Little lost, little gained. It's a near draw that I'll gladly call a win.
The most noticeable changes to the vehicle are on the inside. If you know the G, you know it has always had the World's Most Annoying Cupholder, a good-for-nothing bolt-on basket that pinched the passenger's legroom and proved incapable of holding a cup. That's been torn off and replaced with standard in-console cupholders. There's also a new digital instrument cluster, complete with a 12.3-inch center display. Both are bonded to one glass piece, like in the E-Class.
What we feared most when Mercedes announced their plans to overhaul the G-Wagen is that the quirks and peccadillos that made the G the G would be engineered out. Historically, given the opportunity, carmakers evolve toward efficiency. And there's nothing efficient about this truck.
Mercedes was smart enough, for the most part, to agree. They found efficiencies in the important places—the engine, the displacement, the materials. But they held onto the components that makes this machine so great. The door handles, for instance. The sound and feel of the door handles are one of the most iconic sensations in automobile history: thumb on the round button, that extra bit of exertion to trip the latch, that loud and deeply satisfying mechanic clack as it opens and metallic whack as it closes. Mercedes planners did their research: That sound is what people think about when they think about the G-Wagen.
They also held onto the shiny aluminum spare wheel cover, the round headlights, complete with headlamp washer, and the passenger-side grab bar. They also kept an iconic component that was more complicated to design: the front, center, and rear differential locks. Those haven’t changed.
The interior is stripped down, simpler, with more standard Benz components. It is also significantly wider, with an additional 4.8 inches of beam overall and 1.5 inches more shoulder and elbow room on the inside. It is also 2.1 inches longer, stem to stern. That alleviates the notorious rear-seat crowding by adding nearly six inches of backseat legroom. It makes a difference—especially if your teenage kids are back there as you're stuck in O.C. traffic.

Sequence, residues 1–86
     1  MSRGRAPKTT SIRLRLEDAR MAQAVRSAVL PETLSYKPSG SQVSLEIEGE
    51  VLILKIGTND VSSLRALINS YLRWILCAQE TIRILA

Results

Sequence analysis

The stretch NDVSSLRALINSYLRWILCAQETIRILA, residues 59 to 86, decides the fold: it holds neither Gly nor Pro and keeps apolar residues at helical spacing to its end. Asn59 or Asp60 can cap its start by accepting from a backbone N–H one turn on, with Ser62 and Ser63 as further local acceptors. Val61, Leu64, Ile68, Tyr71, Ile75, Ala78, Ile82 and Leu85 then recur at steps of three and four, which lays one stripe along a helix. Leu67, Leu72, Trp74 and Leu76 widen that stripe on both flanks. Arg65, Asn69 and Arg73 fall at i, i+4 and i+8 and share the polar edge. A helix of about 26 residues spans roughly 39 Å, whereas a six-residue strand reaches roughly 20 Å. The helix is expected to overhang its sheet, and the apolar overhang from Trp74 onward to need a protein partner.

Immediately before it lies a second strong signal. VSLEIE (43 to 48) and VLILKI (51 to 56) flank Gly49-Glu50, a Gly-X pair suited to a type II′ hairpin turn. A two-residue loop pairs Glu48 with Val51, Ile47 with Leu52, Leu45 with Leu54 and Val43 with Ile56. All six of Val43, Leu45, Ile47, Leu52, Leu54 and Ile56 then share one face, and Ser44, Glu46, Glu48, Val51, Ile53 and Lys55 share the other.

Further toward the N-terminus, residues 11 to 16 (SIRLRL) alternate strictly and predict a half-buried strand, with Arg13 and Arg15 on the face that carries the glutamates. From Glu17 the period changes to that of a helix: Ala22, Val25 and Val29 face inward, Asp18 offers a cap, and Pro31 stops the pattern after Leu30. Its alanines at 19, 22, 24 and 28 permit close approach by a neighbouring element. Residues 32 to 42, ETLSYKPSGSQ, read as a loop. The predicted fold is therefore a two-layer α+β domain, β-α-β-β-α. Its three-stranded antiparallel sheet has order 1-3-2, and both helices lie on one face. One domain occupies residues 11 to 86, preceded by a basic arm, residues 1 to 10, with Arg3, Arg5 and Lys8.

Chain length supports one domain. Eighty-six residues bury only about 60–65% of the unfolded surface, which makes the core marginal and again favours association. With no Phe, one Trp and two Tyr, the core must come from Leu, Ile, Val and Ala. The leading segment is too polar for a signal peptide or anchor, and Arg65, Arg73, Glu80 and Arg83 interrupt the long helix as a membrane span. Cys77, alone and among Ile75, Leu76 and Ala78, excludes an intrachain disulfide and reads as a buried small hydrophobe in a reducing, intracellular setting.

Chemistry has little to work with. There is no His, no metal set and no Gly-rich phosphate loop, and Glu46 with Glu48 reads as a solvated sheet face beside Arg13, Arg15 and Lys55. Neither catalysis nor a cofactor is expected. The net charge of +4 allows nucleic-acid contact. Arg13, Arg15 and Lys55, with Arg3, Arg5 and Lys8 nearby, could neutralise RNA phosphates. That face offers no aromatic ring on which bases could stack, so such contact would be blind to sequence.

The G550 has a 4.0-liter biturbo V8 engine that pushes out 416 horsepower and 450 pound-feet of torque. It is peppy off the line, hitting 60 miles per hour in just 5.6 secs. The AMG G63 version—also packing a 4.0-liter biturbo—generates a more-adult 577 hp and 627 lb-ft of torque. This is the new G-Wagen. It has a curb weight of around 5,500 pounds (having shed about 375 in the rebuild) and the drag coefficient of a warehouse full of bricks, and yet somehow, the G63 goes from 0-60 in 4.5 seconds. That's sort of speed blistering that a little weight savings, a nine-speed transmission with a wide range of ratios for on- and off-roading—and, not to mention, $150,000—can get you.
On public roads, the body-on-frame G-Class has a nicely-matured ride. It has shed its tendency to be both noisy and jerky. Brand new adjustable dampers on the chassis have solved for unnecessary pitching and rocking. Off-road, in the sand dunes, the low center of gravity and rigidity of the frame help it negotiate rugged terrain that literally not one single customer in the United States will ever experience. It can hit lateral angles of 37 degrees, and it can nail inclines that would scare off all but the most purpose-rigged SUVs out there. And it has the right bells and whistles for normal use, and technology that Mercedes has led the way on refining, such as active brake assist, lane keeping assist, Distronic cruise control, a pre-safe system that anticipates impacts, and traffic sign assist, for those Orange County busybodies who like to text while driving.
The bottom line: the more things change, the more they stay the same. This may not be the same G-Wagen built for the Shah of Iran, but it's an SUV that has earned the right to tell a damn great story.